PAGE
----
As the tourist industry becomes increasingly important to communities around the world, the need to develop tourism in a sustainable manner has also become a primary concern. This impressive collection of international case studies addresses this crucial issue by asking what local communities can contribute to sustainable tourism, and what sustainability can offer these local communities in return. The role of the community in environmental, cultural and economic sustainability is highlighted in an extraordinary variety of contexts, ranging from inner-city Edinburgh to rural northern Portugal and the beaches of Indonesia.

Individually, the investigations in this text present a wealth of original research and source material, while collectively, they illuminate and clarify the term 'community' - the meaning of which, it is argued, is vital to understanding how sustainable tourism development can be implemented in practice.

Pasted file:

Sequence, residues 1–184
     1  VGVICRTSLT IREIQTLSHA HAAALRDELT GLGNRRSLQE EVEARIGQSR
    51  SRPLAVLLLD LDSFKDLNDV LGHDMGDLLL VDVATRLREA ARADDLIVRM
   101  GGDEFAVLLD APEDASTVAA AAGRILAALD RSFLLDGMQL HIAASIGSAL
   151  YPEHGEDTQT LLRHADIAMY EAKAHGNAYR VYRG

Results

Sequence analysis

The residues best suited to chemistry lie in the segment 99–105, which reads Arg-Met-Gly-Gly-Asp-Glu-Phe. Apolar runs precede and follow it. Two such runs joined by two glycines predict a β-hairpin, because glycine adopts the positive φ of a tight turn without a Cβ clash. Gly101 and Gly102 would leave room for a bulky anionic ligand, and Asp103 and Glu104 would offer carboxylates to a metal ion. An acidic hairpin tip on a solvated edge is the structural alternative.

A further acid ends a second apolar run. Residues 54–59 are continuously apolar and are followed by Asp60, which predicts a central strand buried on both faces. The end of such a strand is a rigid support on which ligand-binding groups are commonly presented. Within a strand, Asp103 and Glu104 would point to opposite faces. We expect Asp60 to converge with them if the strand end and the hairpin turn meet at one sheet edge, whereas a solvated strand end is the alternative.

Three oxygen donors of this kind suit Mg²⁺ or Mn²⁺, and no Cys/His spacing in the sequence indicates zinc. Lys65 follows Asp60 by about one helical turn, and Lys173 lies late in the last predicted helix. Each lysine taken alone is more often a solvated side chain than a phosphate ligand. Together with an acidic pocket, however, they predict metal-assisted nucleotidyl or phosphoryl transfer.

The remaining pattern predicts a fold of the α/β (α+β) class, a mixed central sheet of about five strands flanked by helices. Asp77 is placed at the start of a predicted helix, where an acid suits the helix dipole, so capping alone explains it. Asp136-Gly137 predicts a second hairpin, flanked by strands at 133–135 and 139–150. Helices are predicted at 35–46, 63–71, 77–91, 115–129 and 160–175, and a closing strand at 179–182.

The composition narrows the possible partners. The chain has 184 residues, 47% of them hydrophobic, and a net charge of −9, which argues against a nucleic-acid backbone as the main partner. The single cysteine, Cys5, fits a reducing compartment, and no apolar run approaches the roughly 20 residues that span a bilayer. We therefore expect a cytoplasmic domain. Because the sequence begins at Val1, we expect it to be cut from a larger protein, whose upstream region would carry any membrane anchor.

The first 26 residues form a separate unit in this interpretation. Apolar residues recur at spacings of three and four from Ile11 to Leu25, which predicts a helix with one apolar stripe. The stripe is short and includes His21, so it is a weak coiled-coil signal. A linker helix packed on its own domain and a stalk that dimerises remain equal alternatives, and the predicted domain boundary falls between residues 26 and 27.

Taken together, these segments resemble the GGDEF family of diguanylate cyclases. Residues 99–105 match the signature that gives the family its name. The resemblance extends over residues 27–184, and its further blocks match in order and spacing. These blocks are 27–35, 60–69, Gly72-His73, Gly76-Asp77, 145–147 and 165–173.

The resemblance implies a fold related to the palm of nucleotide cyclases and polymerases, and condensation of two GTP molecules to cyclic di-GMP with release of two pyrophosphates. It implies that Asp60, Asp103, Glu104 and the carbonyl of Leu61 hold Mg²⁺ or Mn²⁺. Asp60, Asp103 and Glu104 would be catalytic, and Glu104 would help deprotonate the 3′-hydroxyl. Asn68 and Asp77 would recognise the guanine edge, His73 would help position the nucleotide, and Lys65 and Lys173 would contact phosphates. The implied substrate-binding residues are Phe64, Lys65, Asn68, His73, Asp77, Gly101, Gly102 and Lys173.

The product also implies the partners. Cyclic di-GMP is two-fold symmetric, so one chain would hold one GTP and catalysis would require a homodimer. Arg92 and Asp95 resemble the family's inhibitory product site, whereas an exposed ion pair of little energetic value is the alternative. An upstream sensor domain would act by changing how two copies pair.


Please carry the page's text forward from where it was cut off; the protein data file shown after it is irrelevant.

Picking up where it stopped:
part |2 pages

Part 1 Community participation and identity

part |2 pages

Part 2 Sustainable tourism and the community

chapter 7|18 pages

Establishing the common ground

Tourism, ordinary places, grey-areas and environmental quality in Edinburgh, Scotland

chapter 8|16 pages

Local Agenda 21

Reclaiming community ownership in tourism or stalled process?

part |2 pages

Part 3 Developing community enterprise

chapter 11|15 pages

Gili Trawangan—from desert island to ‘marginal’ paradise

Local participation, small-scale entrepreneurs and outside investors in an Indonesian tourist destination

chapter 12|20 pages

Tourism in Friesland

A network approach

chapter 13|14 pages

Understanding community tourism entrepreneurism

Some evidence from Texas

part |2 pages

Part 4 Rural communities and tourism development